He also told investigators that Malouff and Woodall had a personal relationship. Miller later wore a hidden camera to record a conversation between several CM Energies employees and Dodson “concerning the fact that CM Energies could not produce the wind turbine technology the city had sought to fund with the federal grant monies.”
Writing the right words
Jonestown, a city of about 1,770 residents about 30 miles northwest of downtown Austin, had been hoping to put a wind energy project in place to supplement the city’s energy supply.
It was unclear Saturday how CM Energies was chosen. Grant papers show that the company was to be a subcontractor for the city on the windmill project and was prepared to install 25 wind turbines, though that number was later reduced to 18.
According to the affidavit, Miller reported that as part of the grant application, CM Energies employees surveyed and photographed each windmill site and that the company answered specific questions about its employees.
But later, Miller told investigators, Malouff “deliberately changed wording of the packets so that it contained information that was patently false or deleted information,” court records said.
The application said that the turbines it would install were “commercially available” and that the company has “project turnkey ability” and “ready-to-go manufacturing capabilities,” according to the affidavit — important words or phrases to include in the application.
By last summer, Miller and other company officials, including its general counsel, said they suspected Malouff was getting insider information from Woodall.
In addition to using the inside information to gain an unfair advantage over other grant applicants, CM Energies also made a series of false claims about its ability to handle such a large project, court documents show.
For instance, the grant was targeted for renewable energy technologies that were already proved, developed and ready to install.
Since then, investigators wrote in the affidavit, they have learned that the company did not have a working prototype at the time of application and had never built the kind of turbine it described.
Company consultants and engineers subsequently told investigators that the turbine prototype later developed also was not structurally sound.
In its grant application, CM Energies named two University of Texas professors as technical consultants for the company. But the professors later told investigators they had only supervised students who performed projects in which they tested various aspects of wind turbine models for the company.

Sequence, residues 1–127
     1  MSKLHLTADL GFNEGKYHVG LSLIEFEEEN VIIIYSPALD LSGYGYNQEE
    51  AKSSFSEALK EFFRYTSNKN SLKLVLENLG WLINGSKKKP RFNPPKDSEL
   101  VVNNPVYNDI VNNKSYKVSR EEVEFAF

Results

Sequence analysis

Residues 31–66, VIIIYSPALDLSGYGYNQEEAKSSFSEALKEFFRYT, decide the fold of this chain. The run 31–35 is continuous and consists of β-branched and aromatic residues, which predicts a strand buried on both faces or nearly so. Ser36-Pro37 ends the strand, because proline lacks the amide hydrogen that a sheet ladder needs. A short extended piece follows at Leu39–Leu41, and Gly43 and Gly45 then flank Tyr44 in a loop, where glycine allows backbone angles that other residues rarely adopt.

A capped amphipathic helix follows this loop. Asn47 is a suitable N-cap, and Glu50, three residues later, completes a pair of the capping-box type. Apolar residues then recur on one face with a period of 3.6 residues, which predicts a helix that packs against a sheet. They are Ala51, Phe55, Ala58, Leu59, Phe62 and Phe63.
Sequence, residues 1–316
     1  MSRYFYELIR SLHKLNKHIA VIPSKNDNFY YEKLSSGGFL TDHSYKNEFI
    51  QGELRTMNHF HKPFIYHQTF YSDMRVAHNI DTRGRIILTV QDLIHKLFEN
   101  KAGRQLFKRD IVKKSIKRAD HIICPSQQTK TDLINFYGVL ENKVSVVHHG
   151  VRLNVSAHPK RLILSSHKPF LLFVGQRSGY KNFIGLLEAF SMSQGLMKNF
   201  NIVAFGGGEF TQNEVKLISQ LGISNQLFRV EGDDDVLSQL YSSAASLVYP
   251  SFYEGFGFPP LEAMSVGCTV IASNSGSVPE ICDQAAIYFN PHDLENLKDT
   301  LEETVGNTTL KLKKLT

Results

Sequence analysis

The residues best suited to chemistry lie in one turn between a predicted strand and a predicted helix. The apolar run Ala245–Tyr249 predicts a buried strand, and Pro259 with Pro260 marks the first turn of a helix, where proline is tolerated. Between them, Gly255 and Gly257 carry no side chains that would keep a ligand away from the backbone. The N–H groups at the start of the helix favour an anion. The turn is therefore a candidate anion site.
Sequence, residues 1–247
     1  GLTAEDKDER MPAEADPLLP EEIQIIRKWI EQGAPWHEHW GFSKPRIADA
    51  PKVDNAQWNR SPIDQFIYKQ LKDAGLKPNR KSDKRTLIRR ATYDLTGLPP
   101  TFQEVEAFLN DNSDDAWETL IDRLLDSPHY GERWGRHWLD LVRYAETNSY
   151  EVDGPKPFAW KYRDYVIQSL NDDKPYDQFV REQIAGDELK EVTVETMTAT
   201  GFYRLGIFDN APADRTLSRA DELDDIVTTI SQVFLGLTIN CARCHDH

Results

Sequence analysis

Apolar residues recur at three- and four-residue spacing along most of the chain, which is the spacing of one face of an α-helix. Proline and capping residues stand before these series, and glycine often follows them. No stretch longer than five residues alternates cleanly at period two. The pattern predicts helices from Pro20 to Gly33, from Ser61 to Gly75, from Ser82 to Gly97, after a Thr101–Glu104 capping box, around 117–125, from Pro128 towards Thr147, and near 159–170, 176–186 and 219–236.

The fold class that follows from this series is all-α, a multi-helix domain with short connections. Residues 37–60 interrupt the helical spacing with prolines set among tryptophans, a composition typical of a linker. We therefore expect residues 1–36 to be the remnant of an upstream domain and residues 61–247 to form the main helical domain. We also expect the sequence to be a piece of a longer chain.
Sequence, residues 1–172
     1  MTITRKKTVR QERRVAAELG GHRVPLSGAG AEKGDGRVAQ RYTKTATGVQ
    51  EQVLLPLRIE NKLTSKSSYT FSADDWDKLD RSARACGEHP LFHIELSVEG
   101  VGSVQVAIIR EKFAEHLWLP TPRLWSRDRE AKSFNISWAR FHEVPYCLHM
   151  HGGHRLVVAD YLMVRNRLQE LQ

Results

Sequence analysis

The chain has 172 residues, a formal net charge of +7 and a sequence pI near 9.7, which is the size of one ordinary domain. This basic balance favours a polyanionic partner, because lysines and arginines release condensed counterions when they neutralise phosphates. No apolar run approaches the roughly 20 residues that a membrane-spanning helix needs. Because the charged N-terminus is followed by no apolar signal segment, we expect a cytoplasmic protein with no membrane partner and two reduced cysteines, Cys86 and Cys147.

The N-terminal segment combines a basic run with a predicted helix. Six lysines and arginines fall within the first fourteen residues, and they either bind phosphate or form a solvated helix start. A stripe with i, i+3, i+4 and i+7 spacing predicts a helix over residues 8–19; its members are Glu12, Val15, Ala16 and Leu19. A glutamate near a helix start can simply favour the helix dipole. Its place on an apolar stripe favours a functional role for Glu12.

“Neither of these professors were ever employed as a consultant for the company,” the affidavit said. “Further, neither of them felt that the company’s product was commercially viable at the time of their exposure to the product.”
A close relationship
In the court documents, investigators detailed a long, close relationship between Malouff and Woodall. Friends since high school, the two frequently traveled to San Antonio together to visit his family, according to the arrest affidavit.
A former company employee told investigators that he went to Woodall’s house and saw Malouff’s motorcycle parked next to hers; others said the couple frequently took trips together and had been seen together “as a couple.”
Investigators discovered that the two also appear to have been in business together in the past. Documents uncovered from one of Malouff’s previous business ventures included a fax cover sheet that Woodall helped design and records showing that she had invested $1,600 in the company, the affidavit said.
She also had three years of documents from CM Energies at her office, appeared to had helped draft company contracts unrelated to the grant and had participated in making “important company management decisions,” according to the affidavit.
Investigators also stumbled upon an email Malouff had sent employees saying Woodall was the primary contact for CM Energies while he traveled. She “knows exactly where we are, what I/we need, when, and knows the whole complete picture. Her decisions are as good as mine,” the email said.
Long before the case broke, Miller told investigators that he had been to Malouff’s house to pick something up and Woodall was there.
When Miller complained about something to Malouff, Malouff “responded that it would all soon be over and it will all be worth it,” the affidavit said.
According to the document, Miller told investigators that Woodall, who had overheard their conversation, then spoke up. “There’s money in wind,” she said.
“Yup,” Malouff replied.